Within the stride ergonomics evaluation metric, there are some conflicts. Take, for example, the attachment of binding to the deck. In some settings we find that one method is preferred, while in different situations the other is advantageous. For that reason, we evaluated the overall design and intention of the product before assessing the Stride Ergonomics value of the binding/deck interface. The MSR Lightning Ascent is designed for rugged terrain, so its hinged attachment is good.
The MSR Evo is targeted at users entering more casual terrain, so its hinged binding/deck interface is a detriment. The bulk of the features on the Atlas Montane seem to steer it towards technical terrain, except for the strapped, imprecise binding/deck interface and the unimpressive stride ergonomics. This generalization on the suitability of the different binding/deck interface options is subject to some opinion and debate. Our test team, with years and years of experience, is in agreement, but others will disagree. For those, the option to choose is great. If you prefer flexible straps for technical terrain, the Atlas Montane is for you.
Our best trail and firm conditions walking product, the TSL Symbioz Elite is a bit of an outlier. With a small size and flexible deck, we'd expect it to have great stride ergonomics. With a rigid hinged binding/deck attachment, we'd expect some of those advantages to be tempered. Defying our expectations, we had no issues with the trail walking ergonomics of the TSL. For its intended purpose, the TSL Symbioz Elite augments your stride ergonomics better than any other in our test. Another high scorer for this metric is the Tubbs Flex Vrt.
The most comfortable bindings spread the force of retention over a broad area. To do so securely is a bit of a trick. The most comfortable bindings were sometimes the least secure, and vice versa. The soft straps of the Fimbulvetr Hikr are very comfortable but by far the least secure. Next, the twist-lock "Boa" style tension systems of the Louis Garneau Blizzard and Tubbs Flex Vrt are quite comfortable. They are secure enough for moderately steep and technical terrain. These two models were edged out by the Montane, which improved the comfort of its design with some foam padding and didn't compromise security. The proprietary, unique systems on the Crescent Moon Gold 10 are fairly comfortable, while the TSL Symbioz Elite earned the highest score for this metric.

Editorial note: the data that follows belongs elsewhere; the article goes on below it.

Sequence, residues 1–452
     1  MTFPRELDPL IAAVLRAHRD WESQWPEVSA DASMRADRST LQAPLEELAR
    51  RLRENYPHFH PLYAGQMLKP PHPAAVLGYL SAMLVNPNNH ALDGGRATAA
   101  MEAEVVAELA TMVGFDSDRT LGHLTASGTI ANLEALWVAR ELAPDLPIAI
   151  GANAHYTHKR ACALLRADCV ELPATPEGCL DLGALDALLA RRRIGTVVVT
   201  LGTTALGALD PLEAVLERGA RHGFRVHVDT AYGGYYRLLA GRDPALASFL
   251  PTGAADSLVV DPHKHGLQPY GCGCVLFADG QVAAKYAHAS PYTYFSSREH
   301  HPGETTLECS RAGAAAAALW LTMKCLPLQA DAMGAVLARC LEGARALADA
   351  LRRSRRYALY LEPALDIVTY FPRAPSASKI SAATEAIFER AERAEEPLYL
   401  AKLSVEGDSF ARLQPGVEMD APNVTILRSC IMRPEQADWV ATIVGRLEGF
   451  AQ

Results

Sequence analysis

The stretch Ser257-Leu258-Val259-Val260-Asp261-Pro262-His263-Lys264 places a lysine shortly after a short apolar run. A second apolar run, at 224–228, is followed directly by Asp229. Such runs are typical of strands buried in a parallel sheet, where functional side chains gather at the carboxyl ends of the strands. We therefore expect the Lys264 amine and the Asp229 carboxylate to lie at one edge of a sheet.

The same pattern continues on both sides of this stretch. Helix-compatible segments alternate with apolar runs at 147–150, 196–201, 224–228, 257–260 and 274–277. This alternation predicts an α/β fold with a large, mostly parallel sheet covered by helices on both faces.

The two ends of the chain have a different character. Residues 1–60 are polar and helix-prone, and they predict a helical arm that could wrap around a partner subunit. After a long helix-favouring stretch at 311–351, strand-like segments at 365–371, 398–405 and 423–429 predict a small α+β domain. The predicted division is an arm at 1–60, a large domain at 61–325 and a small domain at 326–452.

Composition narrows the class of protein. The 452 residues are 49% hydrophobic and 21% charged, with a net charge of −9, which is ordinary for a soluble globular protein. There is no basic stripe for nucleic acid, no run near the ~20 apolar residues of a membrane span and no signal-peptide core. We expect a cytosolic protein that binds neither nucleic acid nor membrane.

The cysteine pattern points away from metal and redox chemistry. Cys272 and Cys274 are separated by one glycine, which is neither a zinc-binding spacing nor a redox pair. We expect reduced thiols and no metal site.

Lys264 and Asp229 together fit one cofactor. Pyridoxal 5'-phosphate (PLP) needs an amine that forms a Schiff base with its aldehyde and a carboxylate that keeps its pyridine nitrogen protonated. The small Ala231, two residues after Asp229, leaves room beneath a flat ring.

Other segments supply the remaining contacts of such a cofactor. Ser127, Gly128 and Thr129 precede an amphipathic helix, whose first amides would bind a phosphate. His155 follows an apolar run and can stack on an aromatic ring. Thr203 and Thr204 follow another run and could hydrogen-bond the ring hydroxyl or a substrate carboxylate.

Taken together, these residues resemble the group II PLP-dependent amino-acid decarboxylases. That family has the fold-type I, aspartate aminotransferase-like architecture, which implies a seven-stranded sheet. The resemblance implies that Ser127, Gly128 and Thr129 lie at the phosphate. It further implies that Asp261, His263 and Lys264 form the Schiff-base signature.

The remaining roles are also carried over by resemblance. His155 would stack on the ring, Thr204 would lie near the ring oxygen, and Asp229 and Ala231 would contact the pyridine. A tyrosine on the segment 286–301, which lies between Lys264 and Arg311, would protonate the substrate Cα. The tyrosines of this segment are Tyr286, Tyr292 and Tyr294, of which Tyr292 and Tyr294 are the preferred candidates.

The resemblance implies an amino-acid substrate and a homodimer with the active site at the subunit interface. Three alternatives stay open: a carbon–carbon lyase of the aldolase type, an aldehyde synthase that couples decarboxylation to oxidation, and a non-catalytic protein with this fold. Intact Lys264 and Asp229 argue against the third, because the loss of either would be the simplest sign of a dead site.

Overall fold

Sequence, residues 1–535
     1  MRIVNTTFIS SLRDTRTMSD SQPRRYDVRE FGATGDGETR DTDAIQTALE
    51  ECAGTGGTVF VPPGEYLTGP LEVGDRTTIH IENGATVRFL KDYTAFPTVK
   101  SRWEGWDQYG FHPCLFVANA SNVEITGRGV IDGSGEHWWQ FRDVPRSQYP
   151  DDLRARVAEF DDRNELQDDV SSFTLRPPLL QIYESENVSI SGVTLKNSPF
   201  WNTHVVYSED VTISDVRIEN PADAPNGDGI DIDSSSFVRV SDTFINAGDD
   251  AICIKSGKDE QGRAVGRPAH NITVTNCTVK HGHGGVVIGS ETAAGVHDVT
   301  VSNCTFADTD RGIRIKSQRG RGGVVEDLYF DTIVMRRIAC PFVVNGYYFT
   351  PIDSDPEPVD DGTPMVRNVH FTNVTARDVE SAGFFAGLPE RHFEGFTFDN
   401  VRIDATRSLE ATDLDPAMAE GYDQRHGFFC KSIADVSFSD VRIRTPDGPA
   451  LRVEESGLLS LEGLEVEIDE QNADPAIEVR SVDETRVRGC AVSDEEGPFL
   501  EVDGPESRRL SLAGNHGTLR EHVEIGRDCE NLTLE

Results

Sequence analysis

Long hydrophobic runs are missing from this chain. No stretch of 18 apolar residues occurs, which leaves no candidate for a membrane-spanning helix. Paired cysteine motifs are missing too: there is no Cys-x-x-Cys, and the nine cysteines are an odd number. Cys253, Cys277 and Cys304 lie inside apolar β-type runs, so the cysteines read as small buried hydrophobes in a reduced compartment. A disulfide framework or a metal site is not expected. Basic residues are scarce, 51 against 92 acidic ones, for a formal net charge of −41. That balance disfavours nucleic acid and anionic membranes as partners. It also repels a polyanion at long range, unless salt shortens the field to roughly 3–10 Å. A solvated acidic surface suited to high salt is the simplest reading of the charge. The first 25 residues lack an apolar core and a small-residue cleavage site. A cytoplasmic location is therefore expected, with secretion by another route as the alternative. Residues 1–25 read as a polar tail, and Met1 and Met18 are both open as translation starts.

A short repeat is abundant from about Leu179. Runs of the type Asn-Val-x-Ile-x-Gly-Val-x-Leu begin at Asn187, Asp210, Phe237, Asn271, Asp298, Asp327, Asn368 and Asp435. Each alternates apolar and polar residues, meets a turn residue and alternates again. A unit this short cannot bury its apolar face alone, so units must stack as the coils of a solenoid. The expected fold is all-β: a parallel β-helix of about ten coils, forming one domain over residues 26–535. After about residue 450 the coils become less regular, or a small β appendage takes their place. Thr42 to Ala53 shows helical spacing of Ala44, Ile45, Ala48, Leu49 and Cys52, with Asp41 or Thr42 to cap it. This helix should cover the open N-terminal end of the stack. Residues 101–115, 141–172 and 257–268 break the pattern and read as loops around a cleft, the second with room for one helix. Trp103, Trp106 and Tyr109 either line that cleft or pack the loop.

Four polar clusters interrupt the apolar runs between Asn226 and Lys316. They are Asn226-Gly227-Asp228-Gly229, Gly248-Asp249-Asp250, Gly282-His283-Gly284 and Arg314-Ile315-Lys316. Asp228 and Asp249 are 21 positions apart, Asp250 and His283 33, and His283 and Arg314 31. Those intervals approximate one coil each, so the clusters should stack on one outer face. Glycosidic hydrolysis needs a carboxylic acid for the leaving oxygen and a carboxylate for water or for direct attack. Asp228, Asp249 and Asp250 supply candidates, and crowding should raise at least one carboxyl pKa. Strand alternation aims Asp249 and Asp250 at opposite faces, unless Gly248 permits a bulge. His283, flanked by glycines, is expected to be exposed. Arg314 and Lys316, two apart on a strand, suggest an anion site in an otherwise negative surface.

In soft boots and trail shoes, the rubbery straps of the MSR Evo can impede circulation and cause pressure points, thus earning these contenders lower binding comfort scores. In stiffer snowboard and mountaineering boots, this isn't a problem but is worth noting for softer boots. The MSR Lightning Ascent sported a similar binding system for many years, but this has now been replaced with a rubbery web over the forefoot. Our testers found this distributed the tension quite well without a compromise in security.
Ease of Use
Standing in a snowstorm, anxious to get on the trail, the last thing you want to be worried about is difficult hardware and strap-in features that are challenging to use. We measured ease of use based on how easily they are to put on and adjust at any moment. We looked at how much adjustment is necessary to get them underfoot and secure for an outing. Then we looked at how easy they are to remove at the end of the day. Binding systems are the main moving components that require adjustment. Some bindings resemble snowboard bindings with horizontal buckles and straps that ratchet open and closed. Another style of bindings is a step-in binding that covers the top of your foot. This method requires some adjustment to get a proper fit, requires you to loosen each time you remove the shoes and has more complex components than the simpler binding systems.